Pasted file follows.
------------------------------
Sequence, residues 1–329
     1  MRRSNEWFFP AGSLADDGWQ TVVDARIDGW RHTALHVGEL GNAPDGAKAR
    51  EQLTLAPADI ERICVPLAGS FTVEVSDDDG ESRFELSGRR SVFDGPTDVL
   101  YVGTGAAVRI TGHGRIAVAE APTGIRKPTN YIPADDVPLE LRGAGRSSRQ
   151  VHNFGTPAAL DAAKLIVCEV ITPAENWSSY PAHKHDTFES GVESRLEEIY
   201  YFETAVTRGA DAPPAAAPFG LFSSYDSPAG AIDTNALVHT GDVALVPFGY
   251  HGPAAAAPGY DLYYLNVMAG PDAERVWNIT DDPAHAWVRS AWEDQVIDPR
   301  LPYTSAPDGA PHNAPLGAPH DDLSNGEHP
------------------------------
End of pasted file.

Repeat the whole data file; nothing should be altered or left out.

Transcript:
Sequence, residues 1–329
     1  MRRSNEWFFP AGSLADDGWQ TVVDARIDGW RHTALHVGEL GNAPDGAKAR
    51  EQLTLAPADI ERICVPLAGS FTVEVSDDDG ESRFELSGRR SVFDGPTDVL
   101  YVGTGAAVRI TGHGRIAVAE APTGIRKPTN YIPADDVPLE LRGAGRSSRQ
   151  VHNFGTPAAL DAAKLIVCEV ITPAENWSSY PAHKHDTFES GVESRLEEIY
   201  YFETAVTRGA DAPPAAAPFG LFSSYDSPAG AIDTNALVHT GDVALVPFGY
   251  HGPAAAAPGY DLYYLNVMAG PDAERVWNIT DDPAHAWVRS AWEDQVIDPR
   301  LPYTSAPDGA PHNAPLGAPH DDLSNGEHP